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'Temperamental insurrection'

I've come across a new way to access information on Carole Lombard, thanks to the people at Google. You can check vintage newspapers for articles about her at http://www.google.com/search?q=Carole+Lombard&tbs=nws:1,ar:1&source=newspapers -- and in all, there are nearly 5,500 such items in their archives. The site also enables you to pinpoint specific dates back to 1932. (Alas, it doesn't appear one can directly copy the pages.)

With that in mind, let's return to the fall of '32, when Lombard was having a dispute with her home studio, Paramount. This story ran in the San Jose News of Oct. 18:

Carole Lombard Is Off Salary From Paramount

"HOLLYWOOD, Oct. 18 (AP) -- Carole Lombard, movie actress, "has been off salary since Friday (Oct. 14), her studio, Paramount, said today, because she has refused to play the feminine lead in a picture for which Paramount had loaned her to Warner Brothers.

"Miss Lombard did not like the part and said she would not act it. The studio decided upon the expedient of stopping her pay and is now waiting to hear further from her.

"The picture is one starring James Cagney, whose avowed determination to quit the movies, growing out of a dispute over the size of his salary, was dissipated in a recent agreement with the studio."




As another AP story from the St. Petersburg (Fla.) Independent that day put it, "Temperamental insurrection has again broken loose in Hollywood."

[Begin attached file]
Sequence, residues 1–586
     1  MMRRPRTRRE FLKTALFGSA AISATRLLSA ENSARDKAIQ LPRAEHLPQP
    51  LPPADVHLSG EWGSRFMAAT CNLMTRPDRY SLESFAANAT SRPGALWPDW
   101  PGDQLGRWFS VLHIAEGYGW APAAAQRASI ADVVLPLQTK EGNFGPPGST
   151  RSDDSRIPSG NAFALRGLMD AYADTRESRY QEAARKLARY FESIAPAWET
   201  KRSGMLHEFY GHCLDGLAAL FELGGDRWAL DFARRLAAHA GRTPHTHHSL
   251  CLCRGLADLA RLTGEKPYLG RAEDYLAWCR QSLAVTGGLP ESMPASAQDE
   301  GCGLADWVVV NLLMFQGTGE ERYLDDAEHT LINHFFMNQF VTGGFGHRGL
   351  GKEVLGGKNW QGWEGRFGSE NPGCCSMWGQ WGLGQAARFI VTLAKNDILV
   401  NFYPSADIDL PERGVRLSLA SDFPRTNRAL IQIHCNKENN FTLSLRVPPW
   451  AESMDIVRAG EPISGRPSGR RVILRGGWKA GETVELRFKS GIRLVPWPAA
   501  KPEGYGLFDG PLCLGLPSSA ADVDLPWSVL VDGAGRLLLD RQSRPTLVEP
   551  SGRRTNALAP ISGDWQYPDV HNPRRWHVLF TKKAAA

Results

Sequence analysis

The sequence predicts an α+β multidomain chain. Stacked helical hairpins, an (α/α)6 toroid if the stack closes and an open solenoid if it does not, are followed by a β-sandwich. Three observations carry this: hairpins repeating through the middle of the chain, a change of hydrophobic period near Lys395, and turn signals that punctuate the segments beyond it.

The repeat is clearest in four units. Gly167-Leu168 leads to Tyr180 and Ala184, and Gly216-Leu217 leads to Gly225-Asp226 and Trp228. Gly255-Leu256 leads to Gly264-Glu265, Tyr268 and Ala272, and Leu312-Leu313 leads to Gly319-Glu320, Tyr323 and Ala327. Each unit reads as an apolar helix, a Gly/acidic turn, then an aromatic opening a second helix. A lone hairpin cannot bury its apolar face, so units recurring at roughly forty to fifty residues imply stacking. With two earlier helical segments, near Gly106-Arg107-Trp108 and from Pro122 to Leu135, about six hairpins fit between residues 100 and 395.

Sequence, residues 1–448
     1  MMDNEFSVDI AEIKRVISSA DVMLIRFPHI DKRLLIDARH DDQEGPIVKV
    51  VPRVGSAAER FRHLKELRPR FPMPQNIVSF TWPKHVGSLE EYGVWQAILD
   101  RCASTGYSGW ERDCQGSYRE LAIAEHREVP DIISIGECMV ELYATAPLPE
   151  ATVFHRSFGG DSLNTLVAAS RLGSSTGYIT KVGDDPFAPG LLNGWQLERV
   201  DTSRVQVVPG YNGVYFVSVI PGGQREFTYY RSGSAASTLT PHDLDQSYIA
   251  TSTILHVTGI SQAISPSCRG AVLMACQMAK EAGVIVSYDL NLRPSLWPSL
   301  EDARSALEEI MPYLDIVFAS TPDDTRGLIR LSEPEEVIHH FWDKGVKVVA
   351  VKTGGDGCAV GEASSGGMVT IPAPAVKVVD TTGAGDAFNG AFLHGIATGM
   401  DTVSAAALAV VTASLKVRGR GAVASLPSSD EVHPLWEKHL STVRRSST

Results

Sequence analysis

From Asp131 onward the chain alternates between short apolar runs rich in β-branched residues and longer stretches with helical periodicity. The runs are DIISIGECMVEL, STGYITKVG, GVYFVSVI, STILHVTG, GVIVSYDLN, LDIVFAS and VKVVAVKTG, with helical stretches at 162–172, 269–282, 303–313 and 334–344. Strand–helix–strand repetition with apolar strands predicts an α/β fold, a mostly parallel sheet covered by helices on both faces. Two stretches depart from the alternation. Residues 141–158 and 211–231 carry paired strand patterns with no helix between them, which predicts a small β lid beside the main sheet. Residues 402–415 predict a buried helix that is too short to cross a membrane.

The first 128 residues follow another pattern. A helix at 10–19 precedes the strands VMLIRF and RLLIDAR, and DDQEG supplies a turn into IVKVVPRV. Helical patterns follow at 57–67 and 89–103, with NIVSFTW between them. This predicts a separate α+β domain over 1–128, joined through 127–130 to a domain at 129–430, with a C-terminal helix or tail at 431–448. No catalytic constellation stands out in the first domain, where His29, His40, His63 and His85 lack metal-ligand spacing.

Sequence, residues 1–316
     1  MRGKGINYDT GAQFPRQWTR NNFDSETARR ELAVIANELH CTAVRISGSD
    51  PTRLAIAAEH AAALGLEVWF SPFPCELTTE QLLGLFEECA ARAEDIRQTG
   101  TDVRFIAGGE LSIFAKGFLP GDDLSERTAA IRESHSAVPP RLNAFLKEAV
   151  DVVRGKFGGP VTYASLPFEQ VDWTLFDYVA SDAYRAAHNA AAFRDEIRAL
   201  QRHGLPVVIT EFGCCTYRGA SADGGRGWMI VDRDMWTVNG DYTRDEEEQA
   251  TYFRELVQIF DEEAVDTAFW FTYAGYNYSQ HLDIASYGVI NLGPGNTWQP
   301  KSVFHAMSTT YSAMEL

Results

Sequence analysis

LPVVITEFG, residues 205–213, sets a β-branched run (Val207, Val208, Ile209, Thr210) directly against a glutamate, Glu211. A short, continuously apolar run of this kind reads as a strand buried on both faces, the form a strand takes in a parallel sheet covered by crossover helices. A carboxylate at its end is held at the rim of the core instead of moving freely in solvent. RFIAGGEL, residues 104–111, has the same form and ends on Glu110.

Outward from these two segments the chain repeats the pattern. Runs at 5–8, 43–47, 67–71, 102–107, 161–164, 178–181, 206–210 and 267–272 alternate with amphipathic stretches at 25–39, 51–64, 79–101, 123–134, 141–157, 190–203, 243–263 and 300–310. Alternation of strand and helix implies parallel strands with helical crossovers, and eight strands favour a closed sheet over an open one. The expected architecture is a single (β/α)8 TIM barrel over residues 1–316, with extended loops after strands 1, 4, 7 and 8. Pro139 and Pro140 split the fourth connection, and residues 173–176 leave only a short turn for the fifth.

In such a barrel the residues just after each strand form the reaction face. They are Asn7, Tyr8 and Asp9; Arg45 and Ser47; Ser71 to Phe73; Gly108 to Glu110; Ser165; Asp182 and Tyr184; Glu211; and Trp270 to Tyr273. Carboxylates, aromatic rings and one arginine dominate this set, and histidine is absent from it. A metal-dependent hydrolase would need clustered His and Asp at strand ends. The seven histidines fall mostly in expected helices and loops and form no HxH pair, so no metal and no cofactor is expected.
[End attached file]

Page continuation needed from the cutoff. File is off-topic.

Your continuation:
But the standoff didn't last long, as readers of the Reading (Pa.) Eagle discovered the next day:

MOTION PICTURE ACTRESS VICTOR IN 'INSURRECTION'

"HOLLYWOOD, Oct. 19 (AP) -- Hollywood's latest temperamental insurrection has ended in the same manner as nearly all others -- victory for the rebel.

"An order removing Carole Lombard from the pay roll was rescinded yesterday after Paramount studio officials announced they agreed with Miss Lombard's refusal to play a role in a Warner Brothers picture starring James Cagney, himself fresh from the contract wars.

"Paramount, who had loaned the film actress to Warners, said the role was unsuited to her."


The film in question was "Hard To Handle," and the eventual female lead went to Mary Brian (http://community.livejournal.com/carole_and_co/74359.html). This was the second time Lombard declined to make a film with James Cagney (the other was "Taxi!"), but it was more professional than personal; she respected and liked Cagney. It's unfortunate she didn't make this film, because it's one of Cagney's best comedies, and while Brian (shown below) was a capable leading lady, working with Jimmy might have elicited something special from Carole, something that really wasn't drawn out from her until collaborating with John Barrymore slightly more than a year later.

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